By no means are these specs screaming, but they're remarkable for $129 unlocked and offer much more value for much less money than, say, refurbished iPhone 4. That's not just an emerging market consideration. In the United States, for example, the prepaid cellular phone market is flush with growth, while postpaid stagnates. During first quarter, prepaid growth was 35 percent compared to just 2 percent for postpaid, according to NPD. Unlocked phones are primed and ready for prepaid.

Moto Metaphor

I don't suggest that Apple should worry about Moto E so much as what it represents: The major growth market the fruit-logo company refuses to tap. Canalys reveals some startling data for the high-end smartphone market -- devices selling for $500 or more: 47 percent of shipments during Q1 had 5-inch or greater screens. "Of the remaining 53 percent of high-end smart phones, 87 percent were iPhones", Canalys analyst Jessica Kwee says. That's great for margins now, but the locked phones face increasing sales resistance in many emerging markets -- despite prognostications made by CEO Tim Cook during last month's earnings call.

Moto E and the G are metaphors for Apple's weakness where there are first-time smartphone buyers to gain. Already Lenovo ranks fourth in global smartphone shipments, closely following Huawei.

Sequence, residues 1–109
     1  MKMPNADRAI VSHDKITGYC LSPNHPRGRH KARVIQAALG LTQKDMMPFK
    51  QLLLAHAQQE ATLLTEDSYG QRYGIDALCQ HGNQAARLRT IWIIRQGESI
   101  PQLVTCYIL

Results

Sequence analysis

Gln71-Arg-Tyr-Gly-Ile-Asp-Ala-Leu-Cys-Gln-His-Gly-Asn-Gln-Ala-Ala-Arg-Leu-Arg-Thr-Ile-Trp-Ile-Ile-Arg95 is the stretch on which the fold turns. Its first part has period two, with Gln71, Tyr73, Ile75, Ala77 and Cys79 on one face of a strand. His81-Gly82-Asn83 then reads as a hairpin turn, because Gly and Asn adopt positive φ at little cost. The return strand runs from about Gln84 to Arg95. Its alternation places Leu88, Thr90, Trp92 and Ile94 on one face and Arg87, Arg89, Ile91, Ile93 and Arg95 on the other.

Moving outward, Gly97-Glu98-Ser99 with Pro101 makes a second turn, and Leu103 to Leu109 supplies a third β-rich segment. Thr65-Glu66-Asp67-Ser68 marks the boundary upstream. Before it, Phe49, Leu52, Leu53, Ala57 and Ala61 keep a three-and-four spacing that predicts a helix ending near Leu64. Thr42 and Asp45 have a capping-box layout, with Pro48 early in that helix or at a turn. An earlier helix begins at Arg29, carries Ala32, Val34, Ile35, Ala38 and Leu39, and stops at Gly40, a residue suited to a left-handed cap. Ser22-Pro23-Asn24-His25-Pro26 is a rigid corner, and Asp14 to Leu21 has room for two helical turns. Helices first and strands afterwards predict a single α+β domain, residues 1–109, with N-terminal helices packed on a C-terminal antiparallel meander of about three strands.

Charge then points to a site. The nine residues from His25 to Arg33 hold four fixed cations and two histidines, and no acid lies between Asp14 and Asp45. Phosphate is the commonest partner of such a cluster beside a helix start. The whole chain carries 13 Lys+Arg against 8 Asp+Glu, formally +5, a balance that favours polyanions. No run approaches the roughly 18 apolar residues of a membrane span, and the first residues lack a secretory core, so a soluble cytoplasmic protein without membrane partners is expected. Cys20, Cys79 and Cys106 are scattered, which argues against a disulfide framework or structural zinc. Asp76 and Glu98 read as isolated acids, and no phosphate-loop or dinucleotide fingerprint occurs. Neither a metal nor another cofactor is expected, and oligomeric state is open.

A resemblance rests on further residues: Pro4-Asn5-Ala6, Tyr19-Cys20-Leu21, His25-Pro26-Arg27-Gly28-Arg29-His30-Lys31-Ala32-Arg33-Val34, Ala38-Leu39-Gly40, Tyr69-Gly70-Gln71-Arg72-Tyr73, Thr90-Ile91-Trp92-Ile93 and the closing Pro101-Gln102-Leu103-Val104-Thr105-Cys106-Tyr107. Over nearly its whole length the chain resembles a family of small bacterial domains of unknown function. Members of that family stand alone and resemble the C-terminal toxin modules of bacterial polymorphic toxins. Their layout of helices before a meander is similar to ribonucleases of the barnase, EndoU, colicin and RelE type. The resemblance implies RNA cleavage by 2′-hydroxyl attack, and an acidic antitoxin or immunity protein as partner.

Moto G's sales success "highlights the speed at which a quality budget phone can disrupt a market", Sunnebo says. "The same pattern can be seen in France with Wiko, which has 8.3 percent share, and Xiaomi in China with 18.5 percent".

Xiaomi is an Apple rival to closely watch, particularly in emerging markets. "Xiaomi is coming to 10 countries in 2014! Malaysia, Philippines, India, Indonesia, Thailand, Vietnam, Russia, Turkey, Brazil and Mexico", the company tweeted last month. Just two years following the launch of its first phone, Xiaomi smartphone share shot past Apple in China during late 2013.

"Markets like China and India are quickly moving toward a point where sub-$150 smartphones are the majority of shipments, bringing a solid computing experience to the hands of many", Ryan Reith, IDC program director, says.

Note: To see links, click through to the story.

#motoe   #motorola   #apple   #lenovo   #emergingmarkets  
Today's Moto E announcement demonstrates exactly what Lenovo sees in Motorola and illuminates one major reason why purchasing the cellular device company makes so much sense. The affordable phone, at $129 unlocked, targets people who have yet to buy smartphones, but own so-called dumb ones. They make up a huge market, much of it in Lenovo's backyard and largely ignored by Apple.